Public weighs in on the fate of the old St. Elizabeth’s Hospital


The Old St. Elizabeth Hospital at 109 Virginia in Hannibal. The derelict building was the topic of discussion on Tuesday at a public meeting to gather public input on tearing the building down. Photo by Megan Duncan

HANNIBAL, Mo. — Hannibal residents who gathered at city hall on Tuesday night for a public meeting gave a majority opinion that it’s time to tear down old St. Elizabeth’s Hospital.

Hannibal Mayor Barry Louderman and City Manager Lisa Peck spoke to the group about the dilapidated state of the building and discussed possible funding sources for the estimated $4 million to $5 million demolition.

Peck said a possible funding source could be to extend the current infrastructure tax by five years. 

Peck said no one is currently interested in the property at 109 Virginia. She said the estimated demolition cost is $4.7 million. She said that amount could change over time, until they get a bid.

Peck said a possible funding source would be the infrastructure tax which is expected to generate about $2 million a year. She also suggested presenting a five-year extension of the infrastructure tax to Hannibal voters.

Louderman believes the building is past the point of saving. 

He said if someone approached council with a development plan, they would need to have the estimated $25 million in hand, also pointing out that a developer would find it a challenge to make that money back. 

Louderman said they would also not wait for tax credits, as they have exhausted that method of funding through five previous attempts which were all denied. 

Hannibal City Clerk Melissa Cogdal took a turn on the other side of the aisle, speaking to the council as 30-year Virginia street resident.

“I’m not going to speak about demolishing the building because the building is coming down one of two ways—it’s going to fall down or we’re going to take it down,” she said.

Cogdal gave a timeline of events explaining the ownership of the building, which was originally built in 1915 by the Sisters of St. Francis of Maryville, Mo., up to when the City of Hannibal took control of the building in 2017. 

Hannibal Regional Hospital moved to its current campus in 1993, and continued to use the building for office space and in other capacities until 2007. According to Cogdal, the building was purchased in 2007 by a commercial group. Cogdal reported the group had financial problems in 2009 causing them to eventually abandon the property. 

From 2009-2011 Cogdal said citations were repeatedly issued to the property while the City of Hannibal became responsible for upkeep of the property. 

Cogdal said the building caused concern for public safety over the years, and grows more dangerous every day. 

She recalled a large sinkhole in the back parking lot around where neighborhood children played, which was eventually covered by the city. She also reported fires breaking out in the building and individuals coming and going from the building day and night.

She also showed recent pictures of the building, displaying rooms filled with debris from broken windows and crumbling walls, exposed elevator shafts, etc. Although boarded up by the city, the old hospital continues to be a popular place for squatters, as was evidenced by wall graffiti.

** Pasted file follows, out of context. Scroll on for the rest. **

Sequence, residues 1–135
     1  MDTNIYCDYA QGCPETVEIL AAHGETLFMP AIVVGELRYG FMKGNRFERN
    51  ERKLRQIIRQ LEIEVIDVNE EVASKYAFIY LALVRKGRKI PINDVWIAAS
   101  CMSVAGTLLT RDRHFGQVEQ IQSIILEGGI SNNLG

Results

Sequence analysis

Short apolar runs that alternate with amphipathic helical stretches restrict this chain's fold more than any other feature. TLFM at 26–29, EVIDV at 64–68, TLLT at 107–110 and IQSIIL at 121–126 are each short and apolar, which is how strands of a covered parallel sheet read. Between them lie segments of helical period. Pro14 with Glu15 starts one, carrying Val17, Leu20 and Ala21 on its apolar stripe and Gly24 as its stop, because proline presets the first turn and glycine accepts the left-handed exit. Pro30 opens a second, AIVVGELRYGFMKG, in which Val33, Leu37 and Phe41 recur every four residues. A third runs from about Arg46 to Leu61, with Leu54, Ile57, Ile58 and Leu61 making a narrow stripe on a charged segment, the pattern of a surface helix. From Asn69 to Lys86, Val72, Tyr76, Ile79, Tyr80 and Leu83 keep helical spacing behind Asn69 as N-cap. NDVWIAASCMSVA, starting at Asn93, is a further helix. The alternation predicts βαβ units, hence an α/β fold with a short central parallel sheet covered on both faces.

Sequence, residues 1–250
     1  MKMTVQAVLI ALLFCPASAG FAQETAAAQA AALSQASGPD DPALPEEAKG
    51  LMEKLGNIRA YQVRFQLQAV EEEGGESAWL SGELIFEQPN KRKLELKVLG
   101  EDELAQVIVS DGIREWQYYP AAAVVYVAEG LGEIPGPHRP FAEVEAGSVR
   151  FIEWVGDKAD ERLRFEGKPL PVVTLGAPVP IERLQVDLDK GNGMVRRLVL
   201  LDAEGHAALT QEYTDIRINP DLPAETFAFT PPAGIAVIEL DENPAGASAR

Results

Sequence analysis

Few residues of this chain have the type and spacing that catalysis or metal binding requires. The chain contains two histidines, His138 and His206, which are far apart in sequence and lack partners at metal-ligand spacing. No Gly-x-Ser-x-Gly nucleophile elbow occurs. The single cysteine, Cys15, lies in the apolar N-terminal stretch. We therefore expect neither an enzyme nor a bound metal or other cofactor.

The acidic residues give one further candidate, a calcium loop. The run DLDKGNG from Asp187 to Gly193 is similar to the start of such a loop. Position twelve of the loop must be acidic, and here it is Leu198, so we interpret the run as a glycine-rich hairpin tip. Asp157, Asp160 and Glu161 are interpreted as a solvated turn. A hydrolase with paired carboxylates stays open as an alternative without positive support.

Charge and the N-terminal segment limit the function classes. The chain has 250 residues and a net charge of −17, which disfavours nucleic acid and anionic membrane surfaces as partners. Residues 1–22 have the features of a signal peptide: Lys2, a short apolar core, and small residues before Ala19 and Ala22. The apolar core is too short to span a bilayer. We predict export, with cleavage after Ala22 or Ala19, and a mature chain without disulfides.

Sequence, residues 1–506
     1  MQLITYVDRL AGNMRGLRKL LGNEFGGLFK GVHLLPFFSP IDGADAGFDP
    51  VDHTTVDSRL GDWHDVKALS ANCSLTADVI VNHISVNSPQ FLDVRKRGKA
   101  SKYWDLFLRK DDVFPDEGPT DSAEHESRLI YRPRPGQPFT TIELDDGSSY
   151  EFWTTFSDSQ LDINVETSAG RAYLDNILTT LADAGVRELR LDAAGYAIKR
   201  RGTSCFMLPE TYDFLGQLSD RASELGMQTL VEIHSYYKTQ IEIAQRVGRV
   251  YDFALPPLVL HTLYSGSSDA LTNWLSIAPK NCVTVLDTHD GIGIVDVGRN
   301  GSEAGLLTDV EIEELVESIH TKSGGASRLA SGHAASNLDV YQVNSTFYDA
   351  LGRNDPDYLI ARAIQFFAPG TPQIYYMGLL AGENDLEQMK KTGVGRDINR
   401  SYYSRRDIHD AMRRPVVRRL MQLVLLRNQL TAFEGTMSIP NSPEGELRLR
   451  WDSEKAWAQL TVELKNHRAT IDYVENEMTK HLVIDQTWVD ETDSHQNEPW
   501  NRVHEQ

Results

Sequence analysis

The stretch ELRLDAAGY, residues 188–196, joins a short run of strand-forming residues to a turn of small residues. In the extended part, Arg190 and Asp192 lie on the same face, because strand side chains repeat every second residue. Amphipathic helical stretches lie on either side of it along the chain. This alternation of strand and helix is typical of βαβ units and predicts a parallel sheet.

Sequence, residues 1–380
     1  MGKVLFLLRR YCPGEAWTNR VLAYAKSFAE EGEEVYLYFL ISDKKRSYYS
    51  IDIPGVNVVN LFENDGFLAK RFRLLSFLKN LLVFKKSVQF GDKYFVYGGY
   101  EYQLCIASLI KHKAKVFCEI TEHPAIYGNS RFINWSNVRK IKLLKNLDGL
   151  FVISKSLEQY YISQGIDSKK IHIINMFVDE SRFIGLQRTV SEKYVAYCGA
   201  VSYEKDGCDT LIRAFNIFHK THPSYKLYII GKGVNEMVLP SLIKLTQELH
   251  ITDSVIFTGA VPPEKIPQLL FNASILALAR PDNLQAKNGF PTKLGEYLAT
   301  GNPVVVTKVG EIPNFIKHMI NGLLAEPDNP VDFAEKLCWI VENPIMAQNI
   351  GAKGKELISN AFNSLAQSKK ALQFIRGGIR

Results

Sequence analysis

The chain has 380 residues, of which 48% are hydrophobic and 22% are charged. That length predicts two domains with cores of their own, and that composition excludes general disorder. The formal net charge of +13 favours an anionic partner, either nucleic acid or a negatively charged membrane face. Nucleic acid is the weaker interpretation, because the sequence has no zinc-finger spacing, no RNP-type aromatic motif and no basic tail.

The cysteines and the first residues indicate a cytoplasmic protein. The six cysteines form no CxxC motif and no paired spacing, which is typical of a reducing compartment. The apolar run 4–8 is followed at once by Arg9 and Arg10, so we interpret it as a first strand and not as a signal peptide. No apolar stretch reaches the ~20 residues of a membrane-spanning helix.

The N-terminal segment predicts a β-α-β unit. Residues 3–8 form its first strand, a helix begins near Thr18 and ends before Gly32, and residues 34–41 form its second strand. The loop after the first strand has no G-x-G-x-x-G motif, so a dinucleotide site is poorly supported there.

Cogdal said she was asked many times over more than two decades to be patient while the city searched for a developer. According to Cogdal she was told several times the cost of the demolition was too high-–a number she said inched closer to a million as years went by.

Former Hannibal Mayor John Lyng told the council he supports tearing down the building, but asked they look at many different areas of funding. One of his suggestions was asking Hannibal Regional Hospital to help fund the demolition.

Todd Ahrens, president and CEO of Hannibal Regional Hospital, happened to be in the crowd and responded to Lyng’s suggestion. 

“It’s difficult for anyone to expect the hospital or the healthcare system to take on financial responsibility for a building we haven’t owned or had any right to do anything with for 17 years,” he said. 

Mark Bross, Hannibal branch manager at engineering firm Klingner and Associates, said the building’s status on the National Register of Historical Places, which was added in 2012, could cause delays for the demolition. 

He asked Peck if St. Elizabeth’s could be a site for voluntary cleanup as a brownfield, which is what a former commercial site affected by real or perceived environmental contamination. Peck said she will look into it.

Stephan Franke, 3rd Ward council member, said he knows Hannibal residents are ready to see something happen at the site. His concern with the funding source is to make sure Hannibal workers are not asked to make sacrifices in order to tear down the building.

“The mark of a successful city is not one that has to take on debt or new funding to tear down a building—that’s a sign of a city in decline. That’s an unfortunate reality,” he said.  

Franke also said he believes before the building is torn down that they have a redevelopment plan already in place.

“If this city is not going to be a city in decline, we have to learn how to handle multiple big issues to design and think over the long term. And you know, that’s what this would be,” he said.

Recent pictures of the inside of St. Elizabeth’s Hospital provided by Melissa Cogdal.

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